One of my fondest memories of Japan was visiting a pickle shop in Kyoto. The dark, wood-paneled walls and hand painted signs gave the place a mysterious and ancient feel. Though curious, I was turned-off by all the squishy-looking pink, purple and yellow things that, to my fifteen-year old brain, did not= pickle.
Suddenly, the store was mobbed by uniformed school kids. With uncharacteristic abandon, they ran amok through the rows of pickle barrels, shouting to friends, and searching out their favorite briny treats. Tiny hands plundered the barrels and emerged with treasures of all shapes and colors. All I could do was stand there and ponder, “but they’re just pickles, and they’re weird pickles.”
To my surprise, I observed as those pickles brightened more faces than any Snickers bar or pack of Twizzlers ever could. Seriously, it was the closest I have come to the Candy Man scene from Willy Wonka.
Those few minutes of the day were precious – a chance to let loose between school (known to be super tough in Japan) and homework – and kids chose to spend them at the pickle shop. Being present at their moment of joy really opened my eyes to the possibility of a world beyond Vlasic kosher dills and hot dog relish.
Living in New York, I’ve more than redeemed myself for that day. A bowl of chickpea curry at Punjabi would not be complete without a scoop of mango pickle. Where would tofu custard soup be without kimchee? And how excited would I be about my falafel pita without that little gherkin poking out?
I’ve even made my own pickles, the old-fashioned way, with fumes from a pot of boiling vinegar burning the inside of my nose. But, by the time the recommended three to five days came around, there were only two left in the jar. If pickles were originally created to keep food edible over long periods of time, why are they so good? The problem is that when I get hungry, time-tested processes and ancient recipes are useless. So, today, I created this recipe for instant, Korean-style pickles that are ready in one minute. Instant gratification with no oak barrels necessary.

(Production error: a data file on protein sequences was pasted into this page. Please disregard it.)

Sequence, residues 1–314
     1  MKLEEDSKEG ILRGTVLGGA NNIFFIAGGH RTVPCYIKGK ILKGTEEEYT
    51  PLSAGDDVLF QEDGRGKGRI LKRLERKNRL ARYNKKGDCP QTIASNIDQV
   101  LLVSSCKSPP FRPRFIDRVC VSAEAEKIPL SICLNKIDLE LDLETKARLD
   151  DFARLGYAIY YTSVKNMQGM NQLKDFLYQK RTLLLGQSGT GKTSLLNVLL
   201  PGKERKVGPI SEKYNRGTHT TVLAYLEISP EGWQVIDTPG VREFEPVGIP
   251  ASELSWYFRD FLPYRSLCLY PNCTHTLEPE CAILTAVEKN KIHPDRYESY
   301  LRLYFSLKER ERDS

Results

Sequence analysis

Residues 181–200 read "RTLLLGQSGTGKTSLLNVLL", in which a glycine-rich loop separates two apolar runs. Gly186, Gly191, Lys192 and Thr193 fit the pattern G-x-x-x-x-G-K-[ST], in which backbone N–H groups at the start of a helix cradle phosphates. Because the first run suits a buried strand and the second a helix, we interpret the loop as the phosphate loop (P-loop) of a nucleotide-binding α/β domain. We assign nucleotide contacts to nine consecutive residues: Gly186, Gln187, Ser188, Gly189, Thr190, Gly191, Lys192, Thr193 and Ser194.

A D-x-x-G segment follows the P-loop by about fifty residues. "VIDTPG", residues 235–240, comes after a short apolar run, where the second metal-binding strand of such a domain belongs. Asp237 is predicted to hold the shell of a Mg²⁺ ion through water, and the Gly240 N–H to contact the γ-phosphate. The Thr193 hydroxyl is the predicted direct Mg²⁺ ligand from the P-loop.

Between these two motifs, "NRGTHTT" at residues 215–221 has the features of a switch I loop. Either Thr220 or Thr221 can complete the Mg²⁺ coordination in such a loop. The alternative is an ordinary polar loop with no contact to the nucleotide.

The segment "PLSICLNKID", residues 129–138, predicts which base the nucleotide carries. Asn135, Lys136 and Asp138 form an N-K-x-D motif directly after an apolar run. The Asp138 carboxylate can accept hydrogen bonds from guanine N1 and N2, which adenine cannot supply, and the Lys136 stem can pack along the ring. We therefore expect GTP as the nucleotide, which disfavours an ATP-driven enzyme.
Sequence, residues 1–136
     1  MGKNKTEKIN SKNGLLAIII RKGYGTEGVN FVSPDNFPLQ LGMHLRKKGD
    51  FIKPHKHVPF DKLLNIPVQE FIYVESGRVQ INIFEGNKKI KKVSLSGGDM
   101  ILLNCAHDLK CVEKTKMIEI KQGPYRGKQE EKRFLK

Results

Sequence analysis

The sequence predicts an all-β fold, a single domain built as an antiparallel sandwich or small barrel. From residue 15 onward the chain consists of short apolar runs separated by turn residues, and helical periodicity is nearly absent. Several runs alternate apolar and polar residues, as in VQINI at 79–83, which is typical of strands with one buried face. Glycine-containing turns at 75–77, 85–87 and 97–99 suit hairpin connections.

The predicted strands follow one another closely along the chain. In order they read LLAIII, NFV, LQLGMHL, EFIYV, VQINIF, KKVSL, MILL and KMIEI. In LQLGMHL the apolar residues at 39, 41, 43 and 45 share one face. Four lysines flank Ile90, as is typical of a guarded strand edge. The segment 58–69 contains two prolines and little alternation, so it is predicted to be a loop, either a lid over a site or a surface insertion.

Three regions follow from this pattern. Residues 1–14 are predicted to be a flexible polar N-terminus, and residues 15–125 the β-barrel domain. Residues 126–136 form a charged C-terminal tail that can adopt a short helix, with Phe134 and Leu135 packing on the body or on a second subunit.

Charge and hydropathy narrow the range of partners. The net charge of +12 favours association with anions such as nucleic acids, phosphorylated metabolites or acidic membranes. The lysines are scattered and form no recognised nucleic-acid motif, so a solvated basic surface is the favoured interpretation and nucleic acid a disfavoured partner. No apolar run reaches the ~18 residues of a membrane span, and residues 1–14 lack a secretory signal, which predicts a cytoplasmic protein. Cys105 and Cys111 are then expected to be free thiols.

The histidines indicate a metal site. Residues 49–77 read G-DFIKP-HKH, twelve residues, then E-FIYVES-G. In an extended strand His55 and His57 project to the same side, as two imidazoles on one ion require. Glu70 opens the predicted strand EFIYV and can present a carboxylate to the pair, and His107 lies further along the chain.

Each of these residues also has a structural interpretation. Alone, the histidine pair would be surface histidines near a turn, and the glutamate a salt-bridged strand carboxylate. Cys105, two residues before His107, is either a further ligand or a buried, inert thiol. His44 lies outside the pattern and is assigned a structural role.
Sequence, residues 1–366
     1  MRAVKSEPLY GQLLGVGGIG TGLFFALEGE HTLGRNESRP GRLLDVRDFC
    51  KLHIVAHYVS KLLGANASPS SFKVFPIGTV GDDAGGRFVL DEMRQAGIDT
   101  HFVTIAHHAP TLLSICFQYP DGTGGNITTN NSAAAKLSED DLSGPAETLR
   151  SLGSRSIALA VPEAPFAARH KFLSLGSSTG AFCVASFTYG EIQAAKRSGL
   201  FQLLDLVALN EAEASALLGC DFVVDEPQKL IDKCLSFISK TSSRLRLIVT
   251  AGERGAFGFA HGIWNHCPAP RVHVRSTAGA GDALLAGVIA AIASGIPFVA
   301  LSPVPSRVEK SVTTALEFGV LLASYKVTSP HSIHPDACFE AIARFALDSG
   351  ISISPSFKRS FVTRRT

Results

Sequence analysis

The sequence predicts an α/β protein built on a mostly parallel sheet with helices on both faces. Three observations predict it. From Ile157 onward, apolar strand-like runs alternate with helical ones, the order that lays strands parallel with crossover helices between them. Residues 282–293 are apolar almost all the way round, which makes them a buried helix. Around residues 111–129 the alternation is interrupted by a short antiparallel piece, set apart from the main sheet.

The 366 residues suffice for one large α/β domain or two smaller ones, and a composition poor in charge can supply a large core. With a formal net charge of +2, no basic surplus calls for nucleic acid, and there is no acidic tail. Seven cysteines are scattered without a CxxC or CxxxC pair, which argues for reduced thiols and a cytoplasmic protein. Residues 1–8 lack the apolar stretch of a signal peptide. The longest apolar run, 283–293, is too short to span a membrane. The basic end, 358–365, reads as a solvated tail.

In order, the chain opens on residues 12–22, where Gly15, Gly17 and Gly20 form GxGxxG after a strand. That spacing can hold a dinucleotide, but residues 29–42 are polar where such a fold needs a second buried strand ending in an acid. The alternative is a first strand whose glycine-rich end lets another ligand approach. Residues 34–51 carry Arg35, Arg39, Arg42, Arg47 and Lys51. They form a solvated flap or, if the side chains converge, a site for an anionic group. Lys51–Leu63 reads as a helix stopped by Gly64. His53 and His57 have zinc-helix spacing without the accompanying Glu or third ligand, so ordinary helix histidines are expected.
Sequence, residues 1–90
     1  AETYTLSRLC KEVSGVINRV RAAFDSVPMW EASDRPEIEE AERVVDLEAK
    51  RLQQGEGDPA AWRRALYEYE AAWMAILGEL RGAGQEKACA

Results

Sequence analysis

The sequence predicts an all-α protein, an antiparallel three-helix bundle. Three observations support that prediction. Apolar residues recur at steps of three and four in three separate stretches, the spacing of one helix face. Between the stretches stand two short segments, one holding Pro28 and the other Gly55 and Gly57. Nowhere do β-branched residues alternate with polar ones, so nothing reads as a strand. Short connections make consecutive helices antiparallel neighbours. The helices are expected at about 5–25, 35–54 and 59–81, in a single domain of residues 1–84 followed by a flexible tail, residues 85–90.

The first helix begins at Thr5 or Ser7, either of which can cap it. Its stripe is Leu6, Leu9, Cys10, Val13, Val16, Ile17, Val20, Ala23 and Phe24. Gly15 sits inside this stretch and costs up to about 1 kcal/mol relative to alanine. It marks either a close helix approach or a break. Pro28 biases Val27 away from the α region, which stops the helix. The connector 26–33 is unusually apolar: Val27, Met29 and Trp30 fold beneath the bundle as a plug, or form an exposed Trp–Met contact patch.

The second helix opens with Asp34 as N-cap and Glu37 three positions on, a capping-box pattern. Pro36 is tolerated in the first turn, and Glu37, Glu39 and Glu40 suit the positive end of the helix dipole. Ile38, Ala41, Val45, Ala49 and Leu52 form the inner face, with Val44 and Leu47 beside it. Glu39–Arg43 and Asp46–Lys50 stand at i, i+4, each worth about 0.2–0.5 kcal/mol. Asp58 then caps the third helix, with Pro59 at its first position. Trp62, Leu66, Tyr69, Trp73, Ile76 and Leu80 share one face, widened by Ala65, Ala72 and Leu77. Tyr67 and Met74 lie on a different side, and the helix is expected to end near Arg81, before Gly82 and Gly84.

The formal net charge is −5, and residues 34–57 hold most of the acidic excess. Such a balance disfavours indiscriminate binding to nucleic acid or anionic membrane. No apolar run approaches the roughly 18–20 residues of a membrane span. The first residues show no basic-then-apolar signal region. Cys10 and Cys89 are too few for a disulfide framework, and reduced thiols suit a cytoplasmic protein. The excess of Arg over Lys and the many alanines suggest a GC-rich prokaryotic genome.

6 kirby cucumbers, sliced
½ c. rice vinegar
½ c. water
1 tbp. salt
1 tbp. crushed chili flakes (2 if you like it spicy)*
½ tsp. ground coriander
½ tsp. ground cumin
½ tsp. sesame oil
Whisk together everything but the cucumber slices. Add the cucumber slices and toss to coat. Adjust seasoning as necessary and serve. Refrigerate any leftovers in a sealed container.
*a note about chili flakes: I used “ground chili” from Singapore that is halfway between chili flakes and chili powder. There are no seeds in it so if you are using the kind with seeds you may need to add less.
Update: I found my half-breed ground chili at Kalustyan’s! It’s labeled “Korean Chilli Powder” and is $9.99/lb (you can buy as little as 1/4 lb).